108 Protocol that we tried at the beginning of the Freifunk Mesh) that minimum
109 hop count sucks completely as an algorithm to select routes. So I started to
110 think about routes that are chosen based on metrics measuring the
111 quality/throughput of links. I decided to use a metric based on packet loss
112 and found the idea of ETX (Expected Transmission Count) in a paper written
113 at the MIT. I didn't like the way they suggested to implement it (sending
114 extra UDP packets), so I developed the idea of ETX/LQ together with Thomas
115 Lopatic who implemented the new ideas in olsrd. Rather than sending extra
116 UDP-packets we could just keep track of missed or successfully transmitted
117 Hello-Packets which are frequently broadcasted by the LSR-mechanism anyway.
118 And we could send the information about the successfully received packets
119 within the Hello messages - so neighbors are updated immediately with every
120 "Hello" broadcast how their neighbor thinks about their own transmissions.
122 This was a lot of work in the code of olsrd and Thomas did a cumbersome but
123 really great job. I had the feeling that this would be a major milestone on
124 the way to a good working protocol. It was released as olsr-0.48 - we had a
125 nice party and a big barrel of beer at the c-base to celebrate the moment :)
126 There was one tradeoff, however. We had to break compatibility with
127 RFC3626. But since RFC3626 wasn't usable in real-life we didn't bother much.
130 * Deployment of olsr-0.48 in the Freifunk-Mesh with ETX/LQ-Mechanism
133 Probably bugs in the huge amount of new program-code
135 Good routing decisions on wireless links operating at the same speed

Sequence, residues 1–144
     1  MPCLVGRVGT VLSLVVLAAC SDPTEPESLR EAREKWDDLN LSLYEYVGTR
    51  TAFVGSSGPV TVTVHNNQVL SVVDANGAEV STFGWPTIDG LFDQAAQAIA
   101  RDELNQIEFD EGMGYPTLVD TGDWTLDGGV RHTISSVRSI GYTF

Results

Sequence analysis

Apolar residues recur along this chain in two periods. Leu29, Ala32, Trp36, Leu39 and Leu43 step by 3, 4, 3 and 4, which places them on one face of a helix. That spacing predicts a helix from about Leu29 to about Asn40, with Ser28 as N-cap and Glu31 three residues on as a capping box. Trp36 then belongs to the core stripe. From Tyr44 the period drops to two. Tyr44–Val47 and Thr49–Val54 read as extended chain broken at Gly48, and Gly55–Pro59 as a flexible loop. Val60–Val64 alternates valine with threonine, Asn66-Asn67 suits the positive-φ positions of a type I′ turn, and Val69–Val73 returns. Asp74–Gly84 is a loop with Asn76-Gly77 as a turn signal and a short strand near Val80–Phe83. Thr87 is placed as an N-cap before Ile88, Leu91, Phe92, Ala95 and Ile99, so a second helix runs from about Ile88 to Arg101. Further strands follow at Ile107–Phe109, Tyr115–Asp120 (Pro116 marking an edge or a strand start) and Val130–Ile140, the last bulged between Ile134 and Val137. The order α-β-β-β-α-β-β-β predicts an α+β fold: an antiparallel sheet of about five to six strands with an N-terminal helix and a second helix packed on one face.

136 as long as the network is idle
138 Throughput improved - but throughput is interrupted by routing loops
139 as soon as heavy network load is introduced
141 Payload runs for a while at high speed, then the traffic is interrupted,
142 comes back after a while at slow speed - caused by routing loops
144 Dynamic gateway selection --> Stateful connections get interrupted
145 when a different gateway is selected
148 This was a mayor improvement, but...
149 Payload causes interference and alters LQ/ETX-Values - interference causes
150 lost LQ-Messages, so LQ/ETX-Values in topology messages change when
151 traffic is introduced. If the protocol fails to update the link state
152 information in time the routing tables are not in sync - thus causing
153 routing loops.
155 Freifunk OLSR-Networks in other cities that had relatively low traffic
156 compared to the capacity of their wireless links were quite happy with 0.48.
157 But networks where links got saturated were still unstable.
159 Now it became even more clear how stupid the idea of Multipoint-Relays was.
160 Traffic causes interference and lost topology update messages. So the link
161 quality values change - and the information that tells the nodes in the mesh
162 about the topology changes are likely to get lost on their way. MPRs reduce
163 the redundancy that is desperately needed to keep routing tables in sync.
164 And - even worse - the information about who is whose MPR is another
165 information that has to be synced. Another source of failure.
167 So we had to find a way to make sure that information about topology changes
168 is updated in time to avoid routing loops. A perfect routing table that only
169 works as long as the network is idle is quite useless...
171 One viable solution in a small mesh would be to send topology control
172 messages (TC-Messages) more often than Hello's - but we already had a mesh
173 with more than 100 nodes, so the traffic caused by redundant TC-Messages
174 would suffocate the network by introducing massive overhead. Than we had the
175 idea of sending TC-Messages with different TTL (Time-To-Live) values. I had
176 the hypothesis that routing loops would occur amongst adjacent nodes - so we
177 would only have to update topology changes quickly and redundant amongst